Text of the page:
Here’s The Route Flown By The US Navy P-8A “Unsafely” Intercepted By Two Su-35s Off Syria Last Week

The track of the P-8 off Syria on May 26, 2020. (Image credit: Skyvector/@Fireflying11). In the two boxes, the Su-35s taken from aboard the P-8. (Images: USN).

We get a better idea of the area of operations of the P-8A that had a tense “close encounter” with two Su-35s.

As we have reported in detail in this previous article, a U.S. Navy P-8A Maritime Patrol and Reconnaissance Aircraft flying out of NAS Sigonella, Sicily, was intercepted by two Russian Su-35 Flanker derivative aircraft while operating over the eastern Mediterranean Sea on May 26, 2020. According to the U.S. 6th Fleet, that shared photos and videos, the Russian pilots “flew in an unsafe and unprofessional manner while intercepting the P-8.”

The surveillance aircraft was flying over international waters, when it was shadowed by the Russians.

This is what this Author wrote in the previous article commenting the few details released by the Navy: “the intercept lasted over 65 minutes, meaning that the American MPA (Maritime Patrol Aircraft) with ISR (Intelligence Surveillance and Reconnaissance) capabilities was probably flying close to the coast, most probably off Syria, where the P-8 is often tracked.”

Now, thanks to our friend Arjen Peters, we can have a better idea of the P-8 area of operations.

A close up view on the part of track of the P-8 off Syria. (Image credit: Skyvector/@Fireflying11)

As the image shows, the Poseidon operated off Latakia, northwestern Syria, well outside the Syrian airspace but not too far from Hmeimim, the base that hosts the Russian Air Force contingent and, above all, the one where as many as 14 MiG-29s and Su-24s stopped over on their way to Libya.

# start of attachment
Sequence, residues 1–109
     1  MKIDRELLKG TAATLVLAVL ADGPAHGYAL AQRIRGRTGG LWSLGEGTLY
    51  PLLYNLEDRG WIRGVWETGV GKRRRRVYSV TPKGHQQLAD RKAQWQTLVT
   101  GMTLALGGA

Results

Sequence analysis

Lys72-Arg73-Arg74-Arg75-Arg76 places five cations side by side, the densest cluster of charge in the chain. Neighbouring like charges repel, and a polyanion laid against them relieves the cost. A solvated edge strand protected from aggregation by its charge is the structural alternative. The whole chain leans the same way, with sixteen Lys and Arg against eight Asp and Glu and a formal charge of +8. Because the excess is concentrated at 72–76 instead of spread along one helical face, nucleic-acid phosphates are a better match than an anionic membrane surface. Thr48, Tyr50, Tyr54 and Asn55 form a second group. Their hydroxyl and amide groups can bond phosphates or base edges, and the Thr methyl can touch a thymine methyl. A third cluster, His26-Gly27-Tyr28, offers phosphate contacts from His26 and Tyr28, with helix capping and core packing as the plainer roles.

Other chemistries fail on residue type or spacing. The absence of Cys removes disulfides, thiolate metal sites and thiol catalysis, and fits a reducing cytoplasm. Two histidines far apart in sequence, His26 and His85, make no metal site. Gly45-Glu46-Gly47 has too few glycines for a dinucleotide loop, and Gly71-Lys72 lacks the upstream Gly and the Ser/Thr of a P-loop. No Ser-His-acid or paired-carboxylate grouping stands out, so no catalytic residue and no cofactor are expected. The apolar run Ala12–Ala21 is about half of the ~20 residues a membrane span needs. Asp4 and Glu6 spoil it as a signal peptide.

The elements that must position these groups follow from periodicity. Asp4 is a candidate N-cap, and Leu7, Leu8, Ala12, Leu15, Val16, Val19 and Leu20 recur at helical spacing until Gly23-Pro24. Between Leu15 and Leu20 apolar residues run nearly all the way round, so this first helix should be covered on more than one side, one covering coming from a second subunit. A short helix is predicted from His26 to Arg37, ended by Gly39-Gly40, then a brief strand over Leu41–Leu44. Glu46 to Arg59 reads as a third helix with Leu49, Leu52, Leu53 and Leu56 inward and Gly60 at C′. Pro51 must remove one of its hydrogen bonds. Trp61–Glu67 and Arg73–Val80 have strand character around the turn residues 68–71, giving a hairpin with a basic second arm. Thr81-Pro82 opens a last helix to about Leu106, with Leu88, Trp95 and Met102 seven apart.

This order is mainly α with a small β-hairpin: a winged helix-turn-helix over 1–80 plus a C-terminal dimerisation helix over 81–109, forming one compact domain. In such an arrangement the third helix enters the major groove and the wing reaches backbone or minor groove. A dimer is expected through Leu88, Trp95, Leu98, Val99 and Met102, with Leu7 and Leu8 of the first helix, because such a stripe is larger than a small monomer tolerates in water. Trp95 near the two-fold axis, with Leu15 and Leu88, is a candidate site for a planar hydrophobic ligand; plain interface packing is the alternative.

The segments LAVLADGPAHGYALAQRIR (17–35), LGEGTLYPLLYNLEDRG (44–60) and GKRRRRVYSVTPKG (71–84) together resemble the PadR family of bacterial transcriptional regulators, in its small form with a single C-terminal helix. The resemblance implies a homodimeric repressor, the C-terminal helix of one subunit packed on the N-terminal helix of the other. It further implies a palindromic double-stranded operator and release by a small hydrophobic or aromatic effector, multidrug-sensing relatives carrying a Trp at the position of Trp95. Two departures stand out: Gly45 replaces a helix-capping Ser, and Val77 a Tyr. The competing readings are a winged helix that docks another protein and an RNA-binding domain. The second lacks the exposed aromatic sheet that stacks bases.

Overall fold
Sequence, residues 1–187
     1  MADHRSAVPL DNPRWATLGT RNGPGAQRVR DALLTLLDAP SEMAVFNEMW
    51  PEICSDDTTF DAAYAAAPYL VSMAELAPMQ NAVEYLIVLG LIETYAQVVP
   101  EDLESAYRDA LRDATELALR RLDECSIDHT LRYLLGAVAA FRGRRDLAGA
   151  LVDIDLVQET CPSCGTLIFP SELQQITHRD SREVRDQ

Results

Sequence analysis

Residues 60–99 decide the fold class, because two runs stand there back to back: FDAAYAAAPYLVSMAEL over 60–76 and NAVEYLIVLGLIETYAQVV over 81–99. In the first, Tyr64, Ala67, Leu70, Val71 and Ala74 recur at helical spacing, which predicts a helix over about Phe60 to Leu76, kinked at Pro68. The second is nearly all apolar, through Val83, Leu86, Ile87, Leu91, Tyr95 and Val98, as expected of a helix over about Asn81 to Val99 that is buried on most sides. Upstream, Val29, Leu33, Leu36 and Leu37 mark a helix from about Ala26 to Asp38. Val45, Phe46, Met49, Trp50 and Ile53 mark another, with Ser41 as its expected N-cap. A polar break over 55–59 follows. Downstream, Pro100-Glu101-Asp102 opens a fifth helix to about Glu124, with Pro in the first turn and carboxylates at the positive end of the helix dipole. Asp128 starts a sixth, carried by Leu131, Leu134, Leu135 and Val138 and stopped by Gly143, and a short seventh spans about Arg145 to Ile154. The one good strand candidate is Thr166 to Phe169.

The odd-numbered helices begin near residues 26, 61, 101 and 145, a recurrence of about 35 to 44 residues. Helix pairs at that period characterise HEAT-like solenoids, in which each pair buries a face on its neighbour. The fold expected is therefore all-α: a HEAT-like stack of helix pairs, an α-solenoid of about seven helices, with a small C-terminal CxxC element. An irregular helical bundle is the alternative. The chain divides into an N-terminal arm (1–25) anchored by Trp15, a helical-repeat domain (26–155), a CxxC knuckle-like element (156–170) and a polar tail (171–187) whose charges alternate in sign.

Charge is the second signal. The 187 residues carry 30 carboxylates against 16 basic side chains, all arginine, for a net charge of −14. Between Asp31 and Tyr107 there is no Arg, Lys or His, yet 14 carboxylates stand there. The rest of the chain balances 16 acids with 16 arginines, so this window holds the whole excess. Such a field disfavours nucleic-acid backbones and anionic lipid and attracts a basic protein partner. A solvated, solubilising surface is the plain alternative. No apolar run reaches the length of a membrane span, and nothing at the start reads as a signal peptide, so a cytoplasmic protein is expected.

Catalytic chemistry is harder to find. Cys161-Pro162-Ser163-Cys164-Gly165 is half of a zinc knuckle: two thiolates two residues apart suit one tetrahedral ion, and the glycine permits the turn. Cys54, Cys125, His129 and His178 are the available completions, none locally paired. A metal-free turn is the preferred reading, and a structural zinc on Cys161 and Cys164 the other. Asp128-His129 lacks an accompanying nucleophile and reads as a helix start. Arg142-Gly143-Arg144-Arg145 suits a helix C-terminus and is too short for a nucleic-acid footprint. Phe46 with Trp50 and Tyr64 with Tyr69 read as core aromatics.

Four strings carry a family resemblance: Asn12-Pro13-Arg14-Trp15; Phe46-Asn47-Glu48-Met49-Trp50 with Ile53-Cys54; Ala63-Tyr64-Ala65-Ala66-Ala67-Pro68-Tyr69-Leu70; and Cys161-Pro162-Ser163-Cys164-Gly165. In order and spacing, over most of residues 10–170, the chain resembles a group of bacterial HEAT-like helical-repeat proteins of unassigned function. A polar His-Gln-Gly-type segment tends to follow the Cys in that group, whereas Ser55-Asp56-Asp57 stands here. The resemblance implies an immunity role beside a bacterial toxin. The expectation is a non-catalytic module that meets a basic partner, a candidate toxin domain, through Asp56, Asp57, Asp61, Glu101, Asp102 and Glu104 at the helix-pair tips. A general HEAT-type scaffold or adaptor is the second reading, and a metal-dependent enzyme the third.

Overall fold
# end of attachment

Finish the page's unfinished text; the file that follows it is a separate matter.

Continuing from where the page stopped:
In fact, as already reported, U.S. Africa Command assessed that Russian fighter jets were recently deployed to Libya in order to support Russian state-sponsored private military contractors (PMCs) operating on the ground in Libya. The Russian fighter aircraft were delivered after transiting Syria where they were repainted to camouflage their Russian origin.

Noteworthy, along with the satellite shot, AFRICOM also released a series of photographs and stills of Russian fighter jets, including MiG-29s, Su-34s and Su-35s, shot by spyplanes or drones’ EO/IR sensors or targeting pods (including one of a Su-35s possibly taken by a P-8 in another ISR mission off Syria).

AFRICOM later provided additional details about the deployment of the Russian jets to Libya, stating that “Over multiple days in May, Russian MiG 29s and SU-24 fighters departed Russia. At that time, all the aircraft have Russian Federation Air Force markings. After they land at Khmeimin Air Base in Syria, the MiG 29s are repainted and emerge with no national markings.”

So, it is possible that the “unsafe” intercept was carried out on the P-8 observing the residual movements of the Russian jets on delivery to Libya via Syria.

Interestingly, not only have the P-8s operated in that area. Earlier, between May 18 and 19, believed to be the window of transit of the first MiGs to Libya, Arjen has logged as many as 4x P-8A from Sigonella, Italy; 2x EP-3E ARIES from Souda Bay, Greece; 2x MQ-9 Reaper from Sigonella; and 2x U-2 from RAF Akrotiri, Cyprus, flew off Latakia, collecting imagery and data that was used to support AFRICOM claims.

About David Cenciotti
David Cenciotti is a journalist based in Rome, Italy. He is the Founder and Editor of “The Aviationist”, one of the world’s most famous and read military aviation blogs. Since 1996, he has written for major worldwide magazines, including Air Forces Monthly, Combat Aircraft, and many others, covering aviation, defense, war, industry, intelligence, crime and cyberwar. He has reported from the U.S., Europe, Australia and Syria, and flown several combat planes with different air forces. He is a former 2nd Lt. of the Italian Air Force, a private pilot and a graduate in Computer Engineering. He has written five books and contributed to many more ones.